Religious services, not belief, make you want to kill strangers

Religious services, not belief, make you want to kill strangers February 21, 2009

Suppose you’re lost in a strange town and it’s late at night and you see a group of men coming towards you. Do you feel more safe or less safe on knowing they’ve just come from a prayer meeting?

Christopher Hitchens was famously challenged with this question – and swiftly replied that it would be no reassurance to him at all (citing “Mr Paisley’s Martyrs Memorial church in Belfast or a Party of God soiree in Beirut or to the Greater Serbia Church in downtown Belgrade” as examples). There’s a gut feeling here that getting groups of people together to celebrate their religion might not have the great consequences that religious leaders like to believe it has!

But is that so? Religion has been linked with both pacifism and violence in a number of contexts. In the modern world, there’s an urgent need to unravel the apparent links between suicide attacks and Islam. There’s a substantial minority of opinion that says that this link is due to something special about Islam. It’s supposed to be a particularly violent religion.

New research from Jeremy Ginges at The New School in New York pretty convincingly shows that religious beliefs probably have little or nothing to do with it. In fact, it’s all about religious attendance.

In collaboration with Ara Norenzayan at the University of British Columbia, Ginges conducted four studies trying to figure out whether it was beliefs or participation that was most closely linked to support for suicide bombings. In the first two studies, they simply analysed data from existing surveys conducted among Palestinian Muslims. In both studies, frequency of praying wasn’t linked to attitudes to the bombers. But those who attended a mosque every day were roughly twice as likely to support suicide attacks.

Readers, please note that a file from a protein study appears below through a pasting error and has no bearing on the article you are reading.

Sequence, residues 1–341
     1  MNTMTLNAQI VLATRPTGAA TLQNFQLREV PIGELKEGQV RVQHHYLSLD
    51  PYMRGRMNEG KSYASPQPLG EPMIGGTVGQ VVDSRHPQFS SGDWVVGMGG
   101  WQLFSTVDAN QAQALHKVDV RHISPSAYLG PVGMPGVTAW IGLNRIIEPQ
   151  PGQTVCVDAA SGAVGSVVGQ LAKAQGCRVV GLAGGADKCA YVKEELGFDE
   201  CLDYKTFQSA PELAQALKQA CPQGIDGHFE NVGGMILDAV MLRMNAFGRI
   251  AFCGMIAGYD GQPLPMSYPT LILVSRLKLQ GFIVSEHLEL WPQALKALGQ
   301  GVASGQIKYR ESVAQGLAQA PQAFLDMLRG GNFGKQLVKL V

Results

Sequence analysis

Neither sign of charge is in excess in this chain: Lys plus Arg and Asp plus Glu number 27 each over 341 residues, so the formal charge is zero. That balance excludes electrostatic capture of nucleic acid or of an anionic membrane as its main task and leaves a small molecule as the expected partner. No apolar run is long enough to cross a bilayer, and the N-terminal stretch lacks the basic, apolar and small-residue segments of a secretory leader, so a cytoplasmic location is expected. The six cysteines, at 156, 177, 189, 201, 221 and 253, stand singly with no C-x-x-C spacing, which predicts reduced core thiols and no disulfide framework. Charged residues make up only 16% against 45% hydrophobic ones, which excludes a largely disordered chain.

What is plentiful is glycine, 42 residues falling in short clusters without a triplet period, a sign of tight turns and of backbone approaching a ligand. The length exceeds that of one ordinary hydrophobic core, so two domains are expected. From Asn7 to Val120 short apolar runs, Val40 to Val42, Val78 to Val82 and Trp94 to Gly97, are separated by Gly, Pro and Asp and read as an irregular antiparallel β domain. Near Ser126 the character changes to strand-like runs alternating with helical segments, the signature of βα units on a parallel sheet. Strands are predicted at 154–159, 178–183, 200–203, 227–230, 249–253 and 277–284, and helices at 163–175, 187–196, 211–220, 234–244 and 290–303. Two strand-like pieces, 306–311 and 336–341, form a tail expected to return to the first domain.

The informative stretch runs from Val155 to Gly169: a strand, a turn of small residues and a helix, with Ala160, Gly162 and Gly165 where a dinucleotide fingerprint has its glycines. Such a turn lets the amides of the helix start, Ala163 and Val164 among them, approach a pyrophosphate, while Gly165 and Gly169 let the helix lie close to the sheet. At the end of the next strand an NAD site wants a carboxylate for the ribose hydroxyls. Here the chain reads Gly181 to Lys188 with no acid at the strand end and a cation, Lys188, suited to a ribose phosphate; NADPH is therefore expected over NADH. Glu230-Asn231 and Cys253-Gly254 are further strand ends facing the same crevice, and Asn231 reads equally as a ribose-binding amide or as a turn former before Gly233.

This is interesting, but it might just be circumstantial. So next they tried something rather more clever. They switched their focus to Jewish settlers, rather than Arabs. They phoned up a random selection of people, and asked them about their support for a specific event – the attack by Baruch Goldstein in 1994 in Hebron, which killed 29 muslims. Was this act ‘extremely heroic’ they asked.

Now for the clever bit. For one-third of the sample, they just asked the question straight. For another third, they first asked ‘How often do you go to the synagogue?’ The other third they first asked ‘How often do you pray?’ In other words, they surreptitiously planted in the minds of these people the idea either of attending religious service or going to church.

It’s a simple thing, but it had a dramatic effect. Priming people with thoughts of prayer reduced their support for suicide attacks. But priming people with thoughts of going to a religious service increased it. There was a four-fold difference between the two conditions.

Do these results also hold for people living outside the Palestinian conflict zone? It seems they do. Ginges & co then looked at data from an international survey on religion. This didn’t ask about support for suicide bombers, but it did ask about the feelings towards ‘in-group’ (“I would be willing to die for my God”) and out-group (“I blame people of other religious faiths for much of the trouble in this world”). They called this ‘parochial altruism’ – the idea of sacrificing yourself for your neighbours.Ginges_2009_religion_and_suicide_attacks_2Across the six countries they surveyed (including Hindus, Christians and Muslims and Jews), frequent attendance at religious services doubled the support for parochial altruism. Although prayer increased parochial altruism in some countries, overall it had no effect.

What these results are saying is that going to Church, or to a Mosque, Synagogue or Temple creates a ‘coalitional commitment’. On the face of it, this isn’t too surprising. After all, we’re always being told that religion acts to ‘strengthen the community’. And it does. Religious attendance seems to help people to live longer, and to reduce the risk of suicide – presumably by helping them feel part of a special group.

But here we’re seeing the nasty flip-side to group cohesion. Religion also helps people to do all the nasty things that they do as groups. If you want to stop society splitting into ‘us’ and ‘them’, then the first thing you need to do is to reduce – not increase – support for religious groups. Jeremy Ginges, Ian Hansen, Ara Norenzayan (2009). Religion and Support for Suicide Attacks Psychological Science, 20 (2), 224-230 DOI: 10.1111/j.1467-9280.2009.02270.x

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